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    • I don’t think anyone’s quite sure these days how it was done. Ruth Goodman and her daughter had a go in Secrets of the Castle, but what they eventually managed to make was quite coarse and difficult to use. They more or less wound thin strips of gold leaf around some thread.

      Liked by 1 person

      • Losing the Plot

        I’m not at all surprised. Spinning in itself is so technical. Wool is not so bad, because it’s thick and course anyway, but to get an even fine silk thread would take such skill. But adding gold? That is just a ridiculous level of expertise.

        Liked by 1 person

  4. The video is amazing, my Mum was very good at embroidery but I don’t have anything she did sadly. Interesting post thanks.

    Liked by 1 person

  5. Great post for the times April. Might be a good time to consider embroidery. A few artists I know use embroidery in their work. And I recently read a line from Joan Didion comparing something to ‘petit point on Kleenex’, a powerful metaphor for…something.

    I wonder why the English quality fell?Was it linked to some historical events?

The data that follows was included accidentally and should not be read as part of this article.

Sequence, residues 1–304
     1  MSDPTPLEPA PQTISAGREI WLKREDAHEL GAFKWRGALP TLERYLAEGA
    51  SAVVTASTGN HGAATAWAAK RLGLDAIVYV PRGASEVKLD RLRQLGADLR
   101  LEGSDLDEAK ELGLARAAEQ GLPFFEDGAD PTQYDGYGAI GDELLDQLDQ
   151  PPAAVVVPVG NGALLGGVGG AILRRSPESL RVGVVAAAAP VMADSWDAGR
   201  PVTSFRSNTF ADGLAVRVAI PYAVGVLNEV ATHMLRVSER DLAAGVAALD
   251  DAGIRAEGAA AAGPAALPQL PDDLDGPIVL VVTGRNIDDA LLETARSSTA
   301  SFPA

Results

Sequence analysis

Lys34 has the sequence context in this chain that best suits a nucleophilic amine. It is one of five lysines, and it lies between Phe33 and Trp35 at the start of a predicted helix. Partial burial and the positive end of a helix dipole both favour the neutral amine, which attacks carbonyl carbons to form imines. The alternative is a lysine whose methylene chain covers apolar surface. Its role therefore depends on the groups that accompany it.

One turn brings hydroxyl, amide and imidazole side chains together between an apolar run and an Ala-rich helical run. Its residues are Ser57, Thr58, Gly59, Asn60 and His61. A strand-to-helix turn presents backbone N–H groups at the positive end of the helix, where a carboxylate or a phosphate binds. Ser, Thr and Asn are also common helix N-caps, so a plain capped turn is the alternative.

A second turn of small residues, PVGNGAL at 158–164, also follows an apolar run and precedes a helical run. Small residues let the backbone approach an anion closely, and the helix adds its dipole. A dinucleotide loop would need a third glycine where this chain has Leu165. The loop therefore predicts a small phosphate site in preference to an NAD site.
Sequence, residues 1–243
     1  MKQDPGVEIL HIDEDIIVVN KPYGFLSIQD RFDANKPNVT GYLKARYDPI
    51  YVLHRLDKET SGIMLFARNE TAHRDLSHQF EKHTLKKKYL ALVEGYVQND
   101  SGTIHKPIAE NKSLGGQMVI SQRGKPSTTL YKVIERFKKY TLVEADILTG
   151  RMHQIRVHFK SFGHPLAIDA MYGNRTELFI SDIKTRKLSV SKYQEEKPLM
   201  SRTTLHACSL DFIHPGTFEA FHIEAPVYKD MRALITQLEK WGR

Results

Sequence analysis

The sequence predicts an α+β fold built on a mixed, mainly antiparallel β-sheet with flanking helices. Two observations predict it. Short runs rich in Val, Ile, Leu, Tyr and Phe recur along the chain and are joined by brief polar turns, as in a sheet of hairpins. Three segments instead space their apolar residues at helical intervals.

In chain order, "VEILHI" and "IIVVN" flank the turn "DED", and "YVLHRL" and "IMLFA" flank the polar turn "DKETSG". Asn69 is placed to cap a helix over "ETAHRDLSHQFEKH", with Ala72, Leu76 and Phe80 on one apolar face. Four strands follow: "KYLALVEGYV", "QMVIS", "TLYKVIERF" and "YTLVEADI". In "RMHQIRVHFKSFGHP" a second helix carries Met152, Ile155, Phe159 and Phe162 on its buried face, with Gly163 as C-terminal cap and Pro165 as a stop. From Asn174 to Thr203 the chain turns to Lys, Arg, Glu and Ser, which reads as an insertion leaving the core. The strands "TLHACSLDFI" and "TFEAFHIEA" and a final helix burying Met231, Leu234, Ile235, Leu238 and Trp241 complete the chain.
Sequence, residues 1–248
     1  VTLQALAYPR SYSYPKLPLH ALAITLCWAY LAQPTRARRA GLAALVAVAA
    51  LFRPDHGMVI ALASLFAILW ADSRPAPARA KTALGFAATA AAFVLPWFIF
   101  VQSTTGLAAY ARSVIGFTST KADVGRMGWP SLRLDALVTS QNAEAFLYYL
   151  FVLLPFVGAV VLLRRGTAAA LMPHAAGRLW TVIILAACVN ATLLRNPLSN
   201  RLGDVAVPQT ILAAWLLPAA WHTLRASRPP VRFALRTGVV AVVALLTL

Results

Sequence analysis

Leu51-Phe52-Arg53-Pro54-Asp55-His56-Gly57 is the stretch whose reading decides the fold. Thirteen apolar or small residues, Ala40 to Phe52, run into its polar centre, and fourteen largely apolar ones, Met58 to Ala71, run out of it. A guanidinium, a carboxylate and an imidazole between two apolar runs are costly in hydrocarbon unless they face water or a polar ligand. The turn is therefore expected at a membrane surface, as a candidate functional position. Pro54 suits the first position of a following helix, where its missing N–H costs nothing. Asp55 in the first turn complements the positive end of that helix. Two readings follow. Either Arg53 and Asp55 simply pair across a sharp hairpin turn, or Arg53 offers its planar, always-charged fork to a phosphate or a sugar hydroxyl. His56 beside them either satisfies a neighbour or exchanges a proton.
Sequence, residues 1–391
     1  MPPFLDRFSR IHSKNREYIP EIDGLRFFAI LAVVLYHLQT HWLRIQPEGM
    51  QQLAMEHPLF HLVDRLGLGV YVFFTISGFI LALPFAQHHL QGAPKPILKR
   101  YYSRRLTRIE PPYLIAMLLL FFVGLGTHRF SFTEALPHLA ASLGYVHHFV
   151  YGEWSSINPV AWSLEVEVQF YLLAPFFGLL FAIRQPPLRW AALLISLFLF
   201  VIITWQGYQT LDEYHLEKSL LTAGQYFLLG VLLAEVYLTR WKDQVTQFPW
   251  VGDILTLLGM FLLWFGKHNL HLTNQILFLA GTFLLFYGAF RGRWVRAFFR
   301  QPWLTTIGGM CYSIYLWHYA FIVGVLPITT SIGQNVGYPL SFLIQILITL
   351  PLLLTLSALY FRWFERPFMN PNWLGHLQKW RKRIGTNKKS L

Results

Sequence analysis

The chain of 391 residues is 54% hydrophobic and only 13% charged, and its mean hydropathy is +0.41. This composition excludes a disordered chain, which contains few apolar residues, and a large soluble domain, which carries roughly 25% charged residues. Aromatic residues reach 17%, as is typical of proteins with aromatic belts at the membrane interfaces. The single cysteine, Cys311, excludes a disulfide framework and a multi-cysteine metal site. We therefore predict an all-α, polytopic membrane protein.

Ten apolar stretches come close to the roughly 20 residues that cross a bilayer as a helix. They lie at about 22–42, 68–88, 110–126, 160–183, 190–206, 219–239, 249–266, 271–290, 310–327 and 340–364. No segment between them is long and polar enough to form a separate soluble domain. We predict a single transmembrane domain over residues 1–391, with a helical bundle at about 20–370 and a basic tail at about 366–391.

Liked by 1 person

  6. In the SCA, the Medieval reenactment society I’m in, embroidery is extremely popular among the women and also some men. I took a class on 5 Medieval stitches, one of which was the couch stitch, which I didn’t find all that difficult. My favorite stitch is herringbone and its many varients. Thanks for the post, April!

    Liked by 2 people

  7. I love to embroider and is one of the few skills I picked up fairly easy/effortlessly – that said, didn’t ever transfer those skills to cross stitch or free hand tapestry/ribbon work, but, well, if ever I get to ‘retire’ can’t wait to learn how to take a blank piece of cloth and just stitch/fill without transferring on the ‘outline’ first, for the ‘work’ – LOL – Thanks for sharing this info! Wonder how much the bad wave of Black Death in …what was it? 1348? had to do the dying out of ‘being the lead’ on embroidery? Seems like that wave hit England hard, and folks were scrambling just to keep fed/get work done in face of reduced workforce –